E. C. Riegel

Money power is War power




The state monopolistic power over territory and money are the cause of all large-scale evils.

Here are some excerpts from Riegel's Private Enterprise Money [1944] that are still relevant today.



We bring all our ills upon ourselves, including the affliction of war, through our ignorance of the laws of money which no government can alter or suspend.

The power which control of the money system gives to government to interfere in and direct and even take the life of the individual should not exist on this earth. No man or group of men is warranted in holding this terrible power over fellow men.

The present monetary system permits ambitious or designing or fanatical men who are in control of government to light the fires of war, threatening the lives and fortunes of untold millions. This terrible power lies solely in the political money system since armaments spring from money and money springs from government fiat, whereas it should spring only from the fiat of the people who would thus hold the veto power.


The war making power of the U. S. Government and of every other national government is beyond the control of their citizens solely because of the political money power. How could Germany, Italy and Japan have prepared for war except for the deficit-making or money-fabricating power? In short, how could any people be brought into aggressive war except by financial deception? Can war be planned or carried out on a cash basis unless the people are in favor of it? Certainly not. The money power is the war power; and the appetite for war in politicians is created by their frustrations in their domestic affairs—frustrations that are the result of the impossibility of operating a successful economy under the political money system. The political money system starves productive enterprise but finances lavishly the destructive activities of war.

If the government were obliged to come to the people for money instead of vice-versa, the people would keep government under control and operate their economy satisfactorily with prosperity and peace resulting. The peoples of the nations do not make war. For them peace is the natural and permanent order. Wars are planned and perpetrated by politicians and their diplomats; and the money power of government is the means by which the people are maneuvered into wars.

This does not imply that wars could not occur if the money power were exclusively in the hands of the people. It means that the veto power would be in their hands and the purpose of the war must be purely defensive, since it is inconceivable that they would finance aggressive war.

So, summing up, we find that the political money power makes constant economic war upon us; and, in the extremity of its frustrations, it takes our blood in military war. Old men suffer a life time of trials from it; young men suffer death at its hands.


But trade interferences are the minor evils of government. Its major evil is its war making power. Nothing could be more obvious than that peoples do not spontaneously rise against each other. They must be agitated by demagogues—but this is not enough. The demagogue must be in control of the government money power before he can effectuate his demagogy. All agitators first strive to get into political power—because, with that, comes the money power of government. Before the war precipitation the demagogue professes to be a man of peace, and is interested in military preparedness only “for defense.” Even the cost of this he dares not reveal to the citizen. He does not raise it by taxes; he “borrows” it—which is a method of creating money that the constituency does not understand. In the meantime the diplomats start the pot boiling—and in due time comes the incident that precipitates the war. Both before and during the war the public is not permitted to find out the cost of the war—and is even deluded into believing that it is profitable.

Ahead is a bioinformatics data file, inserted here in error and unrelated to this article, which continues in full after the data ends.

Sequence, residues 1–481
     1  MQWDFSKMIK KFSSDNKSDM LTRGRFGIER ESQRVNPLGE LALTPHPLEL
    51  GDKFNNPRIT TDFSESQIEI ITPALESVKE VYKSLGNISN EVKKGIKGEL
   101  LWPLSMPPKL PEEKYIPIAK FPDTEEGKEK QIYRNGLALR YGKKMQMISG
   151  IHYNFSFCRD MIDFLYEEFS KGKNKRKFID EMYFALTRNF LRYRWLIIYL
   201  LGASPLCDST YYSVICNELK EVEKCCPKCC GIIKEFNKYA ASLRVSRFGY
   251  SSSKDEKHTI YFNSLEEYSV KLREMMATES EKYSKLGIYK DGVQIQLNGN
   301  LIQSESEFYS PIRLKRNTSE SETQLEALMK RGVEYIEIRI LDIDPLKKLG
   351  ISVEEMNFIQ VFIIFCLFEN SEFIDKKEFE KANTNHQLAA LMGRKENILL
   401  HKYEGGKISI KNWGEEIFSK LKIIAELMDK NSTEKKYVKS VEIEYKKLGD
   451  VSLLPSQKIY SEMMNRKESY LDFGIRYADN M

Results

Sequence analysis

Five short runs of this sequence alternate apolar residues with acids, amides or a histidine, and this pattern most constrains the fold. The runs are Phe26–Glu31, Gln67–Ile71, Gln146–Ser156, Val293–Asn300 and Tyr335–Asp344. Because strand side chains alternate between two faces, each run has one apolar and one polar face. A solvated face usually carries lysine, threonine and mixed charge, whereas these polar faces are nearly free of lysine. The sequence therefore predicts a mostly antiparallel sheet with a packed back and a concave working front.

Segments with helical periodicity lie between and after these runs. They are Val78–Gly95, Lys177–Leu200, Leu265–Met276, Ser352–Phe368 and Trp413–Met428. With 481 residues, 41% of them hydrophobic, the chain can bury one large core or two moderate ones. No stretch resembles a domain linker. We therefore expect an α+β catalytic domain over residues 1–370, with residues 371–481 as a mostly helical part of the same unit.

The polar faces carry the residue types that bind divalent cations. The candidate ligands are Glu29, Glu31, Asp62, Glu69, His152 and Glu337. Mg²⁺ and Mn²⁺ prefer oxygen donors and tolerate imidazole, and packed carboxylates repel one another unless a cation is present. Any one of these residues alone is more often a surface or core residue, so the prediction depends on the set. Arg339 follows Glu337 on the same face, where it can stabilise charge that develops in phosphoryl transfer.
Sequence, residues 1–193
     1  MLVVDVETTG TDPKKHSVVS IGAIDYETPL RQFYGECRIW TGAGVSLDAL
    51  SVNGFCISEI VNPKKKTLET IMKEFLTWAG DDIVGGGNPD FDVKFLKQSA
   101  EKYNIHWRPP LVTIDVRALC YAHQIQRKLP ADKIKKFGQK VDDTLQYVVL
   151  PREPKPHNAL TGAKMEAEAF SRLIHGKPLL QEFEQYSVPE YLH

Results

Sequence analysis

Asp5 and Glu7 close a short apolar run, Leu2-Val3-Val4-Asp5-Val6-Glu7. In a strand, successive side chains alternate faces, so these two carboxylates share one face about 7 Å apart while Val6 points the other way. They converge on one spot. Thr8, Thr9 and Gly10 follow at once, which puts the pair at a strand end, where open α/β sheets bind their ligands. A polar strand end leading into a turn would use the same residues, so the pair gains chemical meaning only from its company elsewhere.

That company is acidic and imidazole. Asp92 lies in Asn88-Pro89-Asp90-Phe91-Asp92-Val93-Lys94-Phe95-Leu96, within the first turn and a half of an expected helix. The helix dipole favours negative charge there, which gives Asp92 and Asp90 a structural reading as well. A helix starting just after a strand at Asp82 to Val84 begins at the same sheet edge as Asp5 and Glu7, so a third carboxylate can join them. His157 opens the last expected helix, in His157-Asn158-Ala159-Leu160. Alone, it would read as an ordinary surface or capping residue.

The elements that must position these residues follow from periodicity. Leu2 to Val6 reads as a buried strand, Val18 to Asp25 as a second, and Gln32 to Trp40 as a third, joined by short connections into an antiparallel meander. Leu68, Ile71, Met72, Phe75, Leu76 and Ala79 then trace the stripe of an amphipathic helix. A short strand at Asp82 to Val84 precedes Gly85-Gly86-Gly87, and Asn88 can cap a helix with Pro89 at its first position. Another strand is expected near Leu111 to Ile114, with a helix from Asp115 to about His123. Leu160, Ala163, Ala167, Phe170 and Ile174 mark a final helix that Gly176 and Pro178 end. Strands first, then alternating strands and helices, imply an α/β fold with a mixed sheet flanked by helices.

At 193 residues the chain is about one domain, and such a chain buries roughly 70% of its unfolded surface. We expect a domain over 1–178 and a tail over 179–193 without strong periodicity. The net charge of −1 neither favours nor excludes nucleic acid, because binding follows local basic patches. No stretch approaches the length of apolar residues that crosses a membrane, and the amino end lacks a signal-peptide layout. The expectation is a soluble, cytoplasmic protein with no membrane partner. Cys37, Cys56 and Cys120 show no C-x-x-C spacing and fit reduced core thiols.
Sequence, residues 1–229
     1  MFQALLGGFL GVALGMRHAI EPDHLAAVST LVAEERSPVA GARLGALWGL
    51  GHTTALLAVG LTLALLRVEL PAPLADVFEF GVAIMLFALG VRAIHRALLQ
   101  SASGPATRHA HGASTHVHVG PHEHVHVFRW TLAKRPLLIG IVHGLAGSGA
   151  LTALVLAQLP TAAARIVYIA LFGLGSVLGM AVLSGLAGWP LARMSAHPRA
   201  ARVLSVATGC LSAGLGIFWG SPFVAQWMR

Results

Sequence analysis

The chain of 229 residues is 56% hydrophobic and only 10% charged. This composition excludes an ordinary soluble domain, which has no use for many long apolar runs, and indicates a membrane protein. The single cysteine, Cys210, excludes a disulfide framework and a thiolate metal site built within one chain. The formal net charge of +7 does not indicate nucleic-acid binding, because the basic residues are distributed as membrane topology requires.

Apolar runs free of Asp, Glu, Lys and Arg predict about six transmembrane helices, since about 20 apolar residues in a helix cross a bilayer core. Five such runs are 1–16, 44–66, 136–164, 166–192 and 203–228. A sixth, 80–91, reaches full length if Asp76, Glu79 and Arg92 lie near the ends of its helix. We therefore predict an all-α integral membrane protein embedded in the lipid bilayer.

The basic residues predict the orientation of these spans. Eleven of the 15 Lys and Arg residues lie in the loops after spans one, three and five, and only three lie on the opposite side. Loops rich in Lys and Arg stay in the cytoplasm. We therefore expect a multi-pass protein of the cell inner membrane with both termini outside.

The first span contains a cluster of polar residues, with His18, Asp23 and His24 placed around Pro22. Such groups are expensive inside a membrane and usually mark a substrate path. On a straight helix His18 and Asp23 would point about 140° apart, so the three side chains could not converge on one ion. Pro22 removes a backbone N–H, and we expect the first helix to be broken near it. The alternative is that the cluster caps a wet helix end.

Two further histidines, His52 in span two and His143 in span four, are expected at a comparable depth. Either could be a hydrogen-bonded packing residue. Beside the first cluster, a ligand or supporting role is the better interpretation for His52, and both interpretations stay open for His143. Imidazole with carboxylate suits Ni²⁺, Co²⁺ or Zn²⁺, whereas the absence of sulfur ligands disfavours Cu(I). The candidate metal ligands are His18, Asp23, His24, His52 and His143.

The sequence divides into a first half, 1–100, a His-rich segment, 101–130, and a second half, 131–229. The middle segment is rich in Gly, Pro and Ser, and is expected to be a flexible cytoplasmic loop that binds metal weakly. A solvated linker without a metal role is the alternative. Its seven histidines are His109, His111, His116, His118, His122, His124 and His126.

War is purely a politicians' game, and there is no natural basis for it. There is no people that wants to make war on any other people and, to bring a people into war, their own politicians must first deceive them and ensnare them. There is one way and one way only that this politicians' game of war can be defeated. This is to deny to government the money creating power, through which it frees itself from citizen control. We have heard war referenda advocated. It has never been tried—and would be a great embarrassment for war mongers—but it is conceivable that even this might be successfully maneuvered by a clever politician if he still controlled the money power. Take away his money power, however, and you have imposed upon him the unbeatable referendum. It would mean that every penny of expenditure—cash, pay-as-you-go—would have to be asked of and paid by the citizen. Thus every step would require his approval. There would be no camouflage, no illusion—and propaganda would have met its neutralizer. This is the war panacea; the formula for perpetual peace. Monetary disarmament is the only effective disarmament.


In the minds of all peoples fighting this war, there is a reserve resolve, once the external enemy is defeated, to deal with internal problems. Therefore, revolutions will follow the declaration of "peace." We too, must have a revolution. Let us have it with our minds rather than with our muscles. Thus we may set, for other nations, a pattern that will not only save blood but also valuable time in attaining release from existing and menacing evils. Such a universal pattern is possible, because there is a common cause of human tribulations, and a mental attitude that is alike in all peoples. The common cause of distress is the inability of people to monetize their own labor and thus work out their own economic and political freedom.


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